Accelerated BSN Programs from Iowa Nursing Schools
Are you ready to earn a nursing degree, but not ready to spend four years in school? If you have a Bachelor’s degree in another field, you don’t have to spend that long in school. In fact, a better option for you may be an accelerated BSN (ABSN). This degree allows you to earn your nursing degree in 12-18 months, depending on which school you choose.
Nurses with Bachelor’s degrees have unique job opportunities available to them, making this a very attractive degree for most students. You may be able to work in a specialty field, take on a leading nursing role, or pursue a Master’s degree in nursing as a Baccalaureate prepared nurse.
To learn more about all of the options available to you as a non nursing degree holder in Iowa, peruse our listing of schools with Accelerated or Fast Track BSN programs below.
Our featured schools often make online and distance learning options available, which can be great for working students, and those with families or personal responsibilities that may interfere with standard course schedules.
ABSN Program Curriculum in Iowa
Before you select an accelerated BSN program in Iowa, you want to ensure that you have completed the program’s prerequisite courses. Since you complete your BSN so quickly, you have to have several credits in science before even starting. Some of the classes on most prerequisite lists include anatomy, biology, and chemistry.
There are both on campus and online accelerated BSN programs for Iowa students. If you have a rigid work schedule or cannot commit to a regular course schedule, an online program, like those featured, may be the best choice for you, as most ground based programs have classes that run all day.
At the beginning of your fast track Bachelor’s program, you’ll complete a number of basic nursing courses. Some schools have you do one course at a time, with each course lasting about a week. Other schools have traditional class scheduling that requires you to take many classes at one time.
While class names may vary from program to program, most nursing programs involve the same types of classes:
- Psychiatric nursing
- Pregnancy and labor & delivery nursing
- Pediatric nursing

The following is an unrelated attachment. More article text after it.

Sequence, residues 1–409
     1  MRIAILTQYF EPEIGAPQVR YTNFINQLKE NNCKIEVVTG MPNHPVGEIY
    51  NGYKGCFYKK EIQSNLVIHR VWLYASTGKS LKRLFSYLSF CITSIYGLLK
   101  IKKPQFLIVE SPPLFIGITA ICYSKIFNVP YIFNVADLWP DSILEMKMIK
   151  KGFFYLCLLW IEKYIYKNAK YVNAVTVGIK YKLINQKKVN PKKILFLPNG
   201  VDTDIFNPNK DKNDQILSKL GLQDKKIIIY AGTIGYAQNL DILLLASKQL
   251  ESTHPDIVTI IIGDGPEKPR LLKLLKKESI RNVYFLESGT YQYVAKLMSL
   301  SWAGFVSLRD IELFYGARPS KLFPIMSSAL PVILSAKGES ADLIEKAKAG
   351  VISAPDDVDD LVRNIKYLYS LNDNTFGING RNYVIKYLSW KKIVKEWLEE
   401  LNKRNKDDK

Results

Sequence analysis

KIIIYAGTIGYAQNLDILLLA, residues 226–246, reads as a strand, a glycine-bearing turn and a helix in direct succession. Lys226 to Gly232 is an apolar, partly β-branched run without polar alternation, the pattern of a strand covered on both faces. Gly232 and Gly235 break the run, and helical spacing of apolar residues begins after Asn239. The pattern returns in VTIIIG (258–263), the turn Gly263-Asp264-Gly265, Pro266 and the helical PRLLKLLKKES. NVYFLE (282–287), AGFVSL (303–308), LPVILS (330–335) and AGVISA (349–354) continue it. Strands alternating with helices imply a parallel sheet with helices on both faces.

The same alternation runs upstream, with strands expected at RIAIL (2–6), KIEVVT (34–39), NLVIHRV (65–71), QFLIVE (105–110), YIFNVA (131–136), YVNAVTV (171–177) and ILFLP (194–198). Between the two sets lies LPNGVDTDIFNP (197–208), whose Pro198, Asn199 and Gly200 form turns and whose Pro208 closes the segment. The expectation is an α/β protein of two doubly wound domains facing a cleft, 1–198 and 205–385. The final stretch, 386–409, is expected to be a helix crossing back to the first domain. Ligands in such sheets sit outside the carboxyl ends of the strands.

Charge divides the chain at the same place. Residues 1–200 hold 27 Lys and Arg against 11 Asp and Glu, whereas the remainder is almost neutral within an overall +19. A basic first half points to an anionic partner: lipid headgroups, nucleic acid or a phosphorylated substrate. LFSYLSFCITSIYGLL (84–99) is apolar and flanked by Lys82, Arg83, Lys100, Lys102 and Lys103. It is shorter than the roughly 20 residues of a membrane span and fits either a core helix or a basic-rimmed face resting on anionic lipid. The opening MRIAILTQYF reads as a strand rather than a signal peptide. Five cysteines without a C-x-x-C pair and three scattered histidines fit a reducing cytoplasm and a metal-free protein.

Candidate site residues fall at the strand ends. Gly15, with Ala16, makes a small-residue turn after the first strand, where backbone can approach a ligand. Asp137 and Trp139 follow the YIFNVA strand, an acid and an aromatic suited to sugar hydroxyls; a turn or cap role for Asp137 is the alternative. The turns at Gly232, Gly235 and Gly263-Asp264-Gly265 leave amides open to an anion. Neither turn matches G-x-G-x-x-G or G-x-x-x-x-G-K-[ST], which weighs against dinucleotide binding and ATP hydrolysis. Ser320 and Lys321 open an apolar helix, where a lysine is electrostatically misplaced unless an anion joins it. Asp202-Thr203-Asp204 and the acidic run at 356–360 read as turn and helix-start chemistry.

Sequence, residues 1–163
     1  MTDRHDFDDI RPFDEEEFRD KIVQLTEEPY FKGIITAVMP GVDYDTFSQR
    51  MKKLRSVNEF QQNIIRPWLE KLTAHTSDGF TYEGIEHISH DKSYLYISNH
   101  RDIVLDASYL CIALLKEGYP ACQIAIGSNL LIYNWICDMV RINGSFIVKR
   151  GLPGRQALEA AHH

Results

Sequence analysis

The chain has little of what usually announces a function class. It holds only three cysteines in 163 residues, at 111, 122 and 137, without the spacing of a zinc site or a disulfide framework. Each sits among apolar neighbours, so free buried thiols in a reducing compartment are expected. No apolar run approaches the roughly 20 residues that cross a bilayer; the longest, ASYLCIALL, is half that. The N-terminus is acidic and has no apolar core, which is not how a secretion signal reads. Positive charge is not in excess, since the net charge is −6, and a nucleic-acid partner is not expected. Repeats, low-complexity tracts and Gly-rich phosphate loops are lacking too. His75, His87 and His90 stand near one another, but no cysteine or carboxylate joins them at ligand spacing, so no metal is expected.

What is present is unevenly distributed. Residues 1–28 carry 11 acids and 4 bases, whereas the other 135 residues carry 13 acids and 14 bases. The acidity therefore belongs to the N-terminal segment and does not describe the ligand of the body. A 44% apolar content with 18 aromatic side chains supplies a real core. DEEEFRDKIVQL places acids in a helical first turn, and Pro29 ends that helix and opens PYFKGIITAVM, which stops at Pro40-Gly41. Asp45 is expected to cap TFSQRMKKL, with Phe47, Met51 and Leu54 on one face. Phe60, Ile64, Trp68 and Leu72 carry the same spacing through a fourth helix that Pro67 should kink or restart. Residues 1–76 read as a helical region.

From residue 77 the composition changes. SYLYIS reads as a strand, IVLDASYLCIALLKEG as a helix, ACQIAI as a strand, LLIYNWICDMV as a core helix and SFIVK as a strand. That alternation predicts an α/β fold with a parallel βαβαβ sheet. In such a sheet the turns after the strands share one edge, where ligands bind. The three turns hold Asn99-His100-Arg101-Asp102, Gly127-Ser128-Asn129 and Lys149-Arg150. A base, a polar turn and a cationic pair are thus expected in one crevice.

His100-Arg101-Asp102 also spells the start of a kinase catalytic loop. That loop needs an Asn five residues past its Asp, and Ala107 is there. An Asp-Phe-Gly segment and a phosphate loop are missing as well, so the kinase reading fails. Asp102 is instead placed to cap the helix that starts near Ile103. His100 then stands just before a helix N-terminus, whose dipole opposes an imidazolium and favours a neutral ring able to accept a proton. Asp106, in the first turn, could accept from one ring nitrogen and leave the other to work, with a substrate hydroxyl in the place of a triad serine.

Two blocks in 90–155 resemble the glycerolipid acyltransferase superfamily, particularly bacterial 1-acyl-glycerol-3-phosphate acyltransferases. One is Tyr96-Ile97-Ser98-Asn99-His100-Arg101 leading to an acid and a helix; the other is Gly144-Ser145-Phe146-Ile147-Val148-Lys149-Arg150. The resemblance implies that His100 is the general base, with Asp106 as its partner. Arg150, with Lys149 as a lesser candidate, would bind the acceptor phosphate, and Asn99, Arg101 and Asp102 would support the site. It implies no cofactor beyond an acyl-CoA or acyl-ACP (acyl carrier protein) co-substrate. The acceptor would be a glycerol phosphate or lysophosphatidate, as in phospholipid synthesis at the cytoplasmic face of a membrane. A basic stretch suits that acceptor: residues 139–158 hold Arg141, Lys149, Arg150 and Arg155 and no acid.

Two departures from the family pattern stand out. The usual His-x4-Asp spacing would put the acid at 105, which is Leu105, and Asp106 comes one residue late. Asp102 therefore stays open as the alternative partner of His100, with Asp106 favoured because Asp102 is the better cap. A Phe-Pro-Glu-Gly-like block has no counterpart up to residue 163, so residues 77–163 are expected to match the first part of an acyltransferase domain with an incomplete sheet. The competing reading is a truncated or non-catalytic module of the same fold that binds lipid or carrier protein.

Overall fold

- Nursing management
Together, these courses all provide the basis for what you need in the final part of your nursing degree. Whether you attend an in-person program or an online program, you will have to complete in-person clinical rotations at a healthcare facility in your area. You will use your newly-gained nursing skills on patients and learn how to work more efficiently as a nurse.
Nursing Career Outlook in Iowa
After earning your Bachelor’s degree in nursing, you can work in many different nursing settings. You might choose to work in a specialty clinic, a community clinic, a hospital, or with a traveling nurse association. Some of the largest nursing employers in Iowa include the Evangelical Lutheran Good Samaritan Society, Allied Medical, Girling Healthcare, and Hospice Compassus.
Iowa has a rapidly growing need for nurses, making your decision to enter the profession of nursing well timed. In 2010, there were 32,460 nursing jobs in Iowa, according to O*Net. That number is expected to jump 24% to 40,110 by 2020.
Nurses in Iowa earn a median salary of $51,700 per year. Registered Nurses with special training or lots of experience can earn up to $70,900 per year in Iowa (O*Net, 2012).
Licensing Considerations in Iowa
Nursing licensure is regulated by the Iowa Board of Nursing. Prior to earning your license, you must pass the NCLEX-RN exam. Your license is valid for two years, and it must be submitted for renewal 30 days before the license expires. Iowa is a compact state, so you can use your Iowa nursing license to work in other compact states, of which there are now 24 nationwide.
The Iowa Board of Nursing also advocates for nurses in state legislature. This year, the Iowa Supreme Court upheld the Board of Nursing’s right to decide what limits are applied to nurses and nurse practitioners. Many nurses choose to join the Iowa Nurses Association after becoming licensed. They can learn about landmark legislation, such as the case described earlier, and advance their career with continuing education.